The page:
·    Place the fried aubergine slices in a shallow bowl
·    Fry some zucchini strips and then place these on the aubergines
·    Sauté some finely chopped tomato, onion, garlic and hot red or green chillies and place this over the zucchini
  •    Fry some baby corn split into half longitudinally and place them on the onion tomato mix
·    Fry some more aubergines and place theses on top the split baby corn. The idea is to go for layers. Let it cool.
·    Layer the hung curd mix on top of the aubergine. Gently part the aubergines on top to leave small gaps through which the curd can seep in. Add a tablespoon of extra virgin olive oil over this
·    Put the dish in the fridge.
·    The dish will be ready in an hour. We kept it for about 6-7 hours in the fridge.
·    Before serving add some mint leaves and toasted pine nuts on top. This will give a nice crunchy break to the texture of crisp yet squishy vegetables, fresh mint, heat of chillies and soothing curd. The magic lies in the array of textures

And here’s a recipe for a starter for vegetarians. Takes less than two minutes to prepare. Not that I am saying that that is all the time they deserve.

Key to this dish is good fresh quality paneer or Indian cheese. Thanks to the Sindhis we get really good paneer at Bandra and Khar at Mumbai. The dish got over in thirty seconds. 
Paneer Quickies
·     Take 250 g of fresh paneer. Chop them into cubes. Place them on a plate
·     Sprinkle some zatar pita and sumac on the paneer. In the absence of this red chilli flakes and crushed black pepper would do
·     Add some chopped green chillies and pudina or mint leaves and toasted pine nuts
·      Add a few drops of olive oil on the sides of the plate
·     Put the plate in the microwave and grill for thirty seconds
·     The dish is ready. Encourage people to take a cube of paneer with a toothpick and fish for some hot chillies and cool pudina to form a hot and creamy mouthful and then pop in a few pine nuts. The combination would make the sternest go weak in their knees


So there you are. My first, and possibly last, post with two vegetarian recipes. That’s enough good Karma created for a lifetime I hope

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>Blood, sweat and olive oil. Chorizo & feta aglio olio recipe

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In case you thought Italian food is always difficult to make, it is not. If you thought that pasta has to be heavy and cheesy, it does not. If you thought that you would rather stick to Chinese, then try this Italian dish for a transition towards the West.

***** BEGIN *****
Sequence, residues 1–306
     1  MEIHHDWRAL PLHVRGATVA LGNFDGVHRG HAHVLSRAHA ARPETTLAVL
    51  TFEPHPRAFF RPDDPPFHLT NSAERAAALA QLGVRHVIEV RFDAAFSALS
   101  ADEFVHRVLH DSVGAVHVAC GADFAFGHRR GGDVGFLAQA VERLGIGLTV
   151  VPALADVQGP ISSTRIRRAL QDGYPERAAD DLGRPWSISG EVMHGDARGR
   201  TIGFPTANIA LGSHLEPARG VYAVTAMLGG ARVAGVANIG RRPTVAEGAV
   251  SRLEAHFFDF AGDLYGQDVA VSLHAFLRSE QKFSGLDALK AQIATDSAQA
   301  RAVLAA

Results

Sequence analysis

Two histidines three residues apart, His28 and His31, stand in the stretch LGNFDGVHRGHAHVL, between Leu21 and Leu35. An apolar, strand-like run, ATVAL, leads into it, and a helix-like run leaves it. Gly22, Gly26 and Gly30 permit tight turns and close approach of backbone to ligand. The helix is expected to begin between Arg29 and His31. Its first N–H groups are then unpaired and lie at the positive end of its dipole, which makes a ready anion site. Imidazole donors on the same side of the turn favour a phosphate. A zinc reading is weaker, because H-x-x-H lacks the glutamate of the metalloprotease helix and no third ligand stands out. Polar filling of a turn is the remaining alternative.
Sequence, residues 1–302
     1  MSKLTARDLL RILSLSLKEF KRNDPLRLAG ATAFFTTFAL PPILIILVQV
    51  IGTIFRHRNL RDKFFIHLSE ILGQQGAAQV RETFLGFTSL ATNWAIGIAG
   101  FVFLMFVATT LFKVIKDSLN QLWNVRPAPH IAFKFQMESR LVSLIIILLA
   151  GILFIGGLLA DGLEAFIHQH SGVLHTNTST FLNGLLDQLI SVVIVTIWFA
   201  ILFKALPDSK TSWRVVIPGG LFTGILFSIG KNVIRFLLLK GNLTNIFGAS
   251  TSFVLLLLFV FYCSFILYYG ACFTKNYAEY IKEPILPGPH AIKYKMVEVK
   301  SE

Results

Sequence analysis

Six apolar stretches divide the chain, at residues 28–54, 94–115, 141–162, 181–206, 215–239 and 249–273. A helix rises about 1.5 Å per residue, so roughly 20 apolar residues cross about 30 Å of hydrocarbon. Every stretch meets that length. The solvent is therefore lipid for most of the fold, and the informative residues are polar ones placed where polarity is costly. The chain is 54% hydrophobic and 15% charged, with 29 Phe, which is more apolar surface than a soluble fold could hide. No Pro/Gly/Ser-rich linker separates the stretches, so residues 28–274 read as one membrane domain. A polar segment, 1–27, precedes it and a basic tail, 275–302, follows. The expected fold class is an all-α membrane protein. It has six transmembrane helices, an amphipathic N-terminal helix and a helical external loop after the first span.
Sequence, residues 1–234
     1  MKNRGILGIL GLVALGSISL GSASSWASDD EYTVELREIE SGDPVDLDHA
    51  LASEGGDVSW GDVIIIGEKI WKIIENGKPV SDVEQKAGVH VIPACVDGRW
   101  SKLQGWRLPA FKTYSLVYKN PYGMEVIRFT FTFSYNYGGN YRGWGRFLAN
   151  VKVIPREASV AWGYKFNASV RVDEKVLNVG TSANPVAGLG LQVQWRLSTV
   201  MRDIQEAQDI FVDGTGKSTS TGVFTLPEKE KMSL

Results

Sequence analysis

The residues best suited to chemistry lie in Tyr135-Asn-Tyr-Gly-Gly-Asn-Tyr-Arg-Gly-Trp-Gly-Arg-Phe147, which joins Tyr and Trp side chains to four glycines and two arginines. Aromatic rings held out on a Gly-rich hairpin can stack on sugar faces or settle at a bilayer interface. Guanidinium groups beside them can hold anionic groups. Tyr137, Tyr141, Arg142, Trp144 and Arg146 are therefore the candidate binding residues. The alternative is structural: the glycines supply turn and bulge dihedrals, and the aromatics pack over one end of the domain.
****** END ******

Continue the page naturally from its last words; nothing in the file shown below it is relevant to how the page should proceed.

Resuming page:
Spaghetti aglio olio or spaghetti in olive oil is one of the simplest dishes to rustle up. Helps if you don’t chop your own finger as I did. OK, ‘chop’, is too a strong word but I did shed a lot of blood when I cut my finger while using a cleaver to finely chop chorizo. It took a while before I could find K’s make up removal pads which were the only cotton at home. In the process I learnt that turmeric can help stop the flow of blood. Not before the bedroom floor turned red. And then my friend Ranjit, @qtfan on twitter, patched me up though it was past 11. He offered to  come down but I drove to his place feeling like Bachchan in Agneepath or Don, driving with my bloodied palms, for 2 minutes (I love the drama). A tetanus jab followed, I had cut meat before with the same knife and us Bongs are hypochondriacs. Dressed and I was back. He dressed my finger the next day too, marinated with anti-biotic, I attacked the chorizo again. Feeling proud of my cooking scar. Now I can look Bourdain in the eye when I meet him. He had an entire chapter in ‘Kitchen Confidential’ on the violence in kitchens.

Day 1 after Ranjit patched it

Day 3, difficult to type without using a finger
The chorizo was a set of three fancy sausages that Soma, a junior at college and blog reader brought and sent to me all the way from the US, when she came to Calcutta recently. I couldn’t wait for K to come to open them. The meal took a day to cook with some bloodshed in between but it was all worth it. Some of us might find pastas, especially aglio olios, ‘bland’ for our Indian palates. That’s when strong meats such as chorizos and strong cheeses such as feta, which I used, help. I also used the Mediterranean spices of sumac and lemon powder, which Gia gave me, to flavour the dish. So, as you see, a number of my friends were a part of the making of this dish. 
 
Here’s the recipe for chorizo & feta aglio olio (my version, not authentic Italian Mama approved):

1.       Boil spaghetti and keep aside. Start with 100 g if it is for one person
2.       Heat 4,5 tablespoons of olive oil in a pan. This is the base of the dish. You can even add some extra virgin over it once the dish is ready
3.       Add a tablespoon of finely chopped garlic
4.       Once the garlic turns yellowish, add a tablespoon of finely chopped tomato
5.       Stir. Once the tomatoes go soft, add about 3 tablespoons of chopped chorizo or any strong flavoured meat. Wash off any human blood which could Have smeared on if you were careless while chopping. This is not a fundamental step
6.       Once it cooks (1 minute) add the spaghetti, sprinkle salt and gently toss the spaghetti with a ladle  so that the sauce (meat and garlic seasoned oil) wraps around the spahghetti
7.       Add a few bits of feta or any strong cheese
8.       Season with sumac and lemon powder or ideally chilli flakes which is more authentic
9.       Photograph and eat.

Simple, right? Was incredibly well flavoured for a dish so delicate.